She paused. For a moment her gaze flickered, not across them, but as if she was reading some invisible script, silently contemplating the question. ‘He and I were collegial. We have stayed in touch since we were parted.’

‘You stayed in touch?’ Locke looked surprised and almost betrayed. ‘And you’re saying you have no unique insights? The hell do you chat about?’

‘Books,’ said T’Falith without missing a beat. ‘We have been recommending literature to each other. I have found the expansion of my understanding of Cardassian culture to be truly fulfilling. But it is why I surmise that Gul Kaled is the picture of Cardassian professionalism.’

Locke glanced at Rourke and blew out his cheeks. ‘He’s a bit grumpy, he didn’t like being on Avalon. I assumed he’d pissed someone off to be stuck with us. But now he’s commanding a modern warship, so it can’t be that bad.’

Rourke rubbed his temples. ‘When you say “the picture of Cardassian professionalism,” T’Falith, what do you mean? I’m not sure everyone around this table agrees on what that looks like.’

‘I’ve known Cardassian officers,’ said Harrian in a somewhat flat voice, ‘who very professionally conducted mass slaughters.’

‘From our conversations,’ said T’Falith carefully, ‘I do not believe Gul Kaled sympathetic to the Bajoran Occupation. Regarding “professionalism,” he adheres to protocol and etiquette. I believe him committed to traditional principles of the Cardassian Union: service to his people, duty.’

Rourke tossed a hand in the air irritably, then grimaced. ‘Sorry, Commander. This isn’t your fault. I asked you a question hoping for a miracle insight into what he might be doing out here, other than “his job.”’

‘I understand, Commodore,’ said T’Falith levelly. ‘He is an unknown factor in a volatile and unknown situation. The only insight I may offer is that I am not convinced Gul Kaled to be a loyalist to Central Command over the Detapa Council. Which may not be of much use on an operation in the depths of the Delta Quadrant, far from any orders.’

I have an idea,’ ventured Hale, and Rourke felt a flood of relief. ‘All of this talk of “professionalism” and etiquette. He’s an officer of the Cardassian Union going about his lawful business. We’re a Starfleet ship going about ours. There’s no reason for us to be at odds, to eye each other warily across a star system.’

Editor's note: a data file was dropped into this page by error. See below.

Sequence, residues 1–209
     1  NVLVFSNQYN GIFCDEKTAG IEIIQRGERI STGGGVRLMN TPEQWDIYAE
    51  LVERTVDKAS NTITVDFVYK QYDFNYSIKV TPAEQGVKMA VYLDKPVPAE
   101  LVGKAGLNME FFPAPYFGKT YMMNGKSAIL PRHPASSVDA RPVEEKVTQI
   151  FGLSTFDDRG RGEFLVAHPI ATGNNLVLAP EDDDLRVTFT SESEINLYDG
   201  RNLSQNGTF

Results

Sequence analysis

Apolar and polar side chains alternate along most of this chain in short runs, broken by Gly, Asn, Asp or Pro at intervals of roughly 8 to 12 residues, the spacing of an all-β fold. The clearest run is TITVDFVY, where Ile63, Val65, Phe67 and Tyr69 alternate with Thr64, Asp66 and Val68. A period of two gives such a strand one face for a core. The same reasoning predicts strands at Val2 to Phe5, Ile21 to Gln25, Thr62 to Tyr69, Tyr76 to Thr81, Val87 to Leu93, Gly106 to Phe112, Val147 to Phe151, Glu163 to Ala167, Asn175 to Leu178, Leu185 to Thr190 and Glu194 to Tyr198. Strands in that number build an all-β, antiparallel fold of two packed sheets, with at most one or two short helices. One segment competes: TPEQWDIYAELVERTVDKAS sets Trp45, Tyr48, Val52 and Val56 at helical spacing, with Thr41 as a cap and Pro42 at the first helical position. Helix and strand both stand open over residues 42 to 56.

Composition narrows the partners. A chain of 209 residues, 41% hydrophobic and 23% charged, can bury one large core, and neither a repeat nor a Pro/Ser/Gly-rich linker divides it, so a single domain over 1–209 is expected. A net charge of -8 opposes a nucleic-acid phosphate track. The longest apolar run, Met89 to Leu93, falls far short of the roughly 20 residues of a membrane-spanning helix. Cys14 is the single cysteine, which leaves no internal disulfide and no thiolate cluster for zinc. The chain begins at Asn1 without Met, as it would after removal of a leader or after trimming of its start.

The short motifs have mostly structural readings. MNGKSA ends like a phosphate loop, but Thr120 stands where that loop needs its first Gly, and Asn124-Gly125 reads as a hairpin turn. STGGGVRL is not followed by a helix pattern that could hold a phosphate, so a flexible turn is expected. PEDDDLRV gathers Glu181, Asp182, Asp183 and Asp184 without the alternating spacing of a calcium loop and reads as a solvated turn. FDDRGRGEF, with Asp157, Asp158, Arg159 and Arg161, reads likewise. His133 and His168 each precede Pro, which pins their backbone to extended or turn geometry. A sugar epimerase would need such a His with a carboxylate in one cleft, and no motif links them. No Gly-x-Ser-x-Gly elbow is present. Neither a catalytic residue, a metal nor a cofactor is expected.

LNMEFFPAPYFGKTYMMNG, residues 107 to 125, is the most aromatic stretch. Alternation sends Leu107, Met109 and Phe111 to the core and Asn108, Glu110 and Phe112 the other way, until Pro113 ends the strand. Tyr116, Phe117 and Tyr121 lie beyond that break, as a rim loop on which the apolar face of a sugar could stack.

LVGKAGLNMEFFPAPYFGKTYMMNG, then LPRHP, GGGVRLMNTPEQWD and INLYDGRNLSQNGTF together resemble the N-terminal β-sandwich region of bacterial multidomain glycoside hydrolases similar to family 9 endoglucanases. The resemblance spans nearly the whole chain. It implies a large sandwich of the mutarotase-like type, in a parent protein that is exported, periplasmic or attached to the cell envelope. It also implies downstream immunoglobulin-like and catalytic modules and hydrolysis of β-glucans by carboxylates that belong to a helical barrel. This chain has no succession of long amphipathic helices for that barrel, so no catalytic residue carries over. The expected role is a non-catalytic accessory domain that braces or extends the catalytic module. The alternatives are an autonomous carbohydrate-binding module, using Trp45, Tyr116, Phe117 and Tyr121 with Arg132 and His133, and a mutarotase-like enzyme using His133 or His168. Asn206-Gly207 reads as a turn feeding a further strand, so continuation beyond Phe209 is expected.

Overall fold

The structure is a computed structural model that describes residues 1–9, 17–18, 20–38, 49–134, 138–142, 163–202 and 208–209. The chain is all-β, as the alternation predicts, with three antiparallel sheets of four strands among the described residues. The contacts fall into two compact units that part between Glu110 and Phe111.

‘You’re suggesting we combine forces?’ said Locke, eyebrows raising. ‘I doubt he’ll go for that.’

‘No,’ said Hale. ‘Simpler than that. We invite him, and maybe his staff, to dinner.’

Rourke’s eyebrows shot up. ‘That is simple.’

‘We’re far from the frontier,’ Hale continued, shrugging. ‘Doing hard work in an unknown region. Why not show each other some basic courtesies in accordance to everyone’s rank and standing? Especially…’ Her eyes flickered to T’Falith. ‘If he has a personal relationship with a member of staff he might appreciate seeing again.’

T’Falith did not blink. ‘I would be curious regarding his opinions on Starship Sociology and Community Ecology.’

Locke’s jaw dropped. ‘That’s the last book you sent him?’

‘It is a vital anthology discussing how the cosmopolitan mix of people aboard a starship can cause friction and potential clashes. I believed it provides fascinating insight into life within Starfleet. He had expressed curiosity as to how I was finding my time back aboard a ship.’

In horrified fascination, Locke said, ‘What did he last send you?’

‘Ah. Ari Prilam. A novel retelling the experiences of a young women’s experiences in post-war Cardassia, and specifically how loyalty to family and duty were socially reframed after the conflict. It was best experienced following on from The Never Ending Sacrifice, which he first recommended -’

‘Okay,’ said Rourke, head thumping at the revelation of the Cardassian-Vulcan book club. ‘So you’ve got things to catch up on. Let’s give this a try.’

Rhade’s expression twisted wryly. ‘We’re suspicious of the Cardassian on our front door,’ he mused, ‘so our plan is to invite him to dinner?’

Hale gave a self-aware smile. ‘For all we know, we come away with a friend instead of someone we need to spy upon.’

Rourke and Harrian exchanged glances at that, both judiciously remaining silent. There was little about a Cardassian ship at the edge of the galaxy, conducting mysterious duties, that either of them would deem friendly.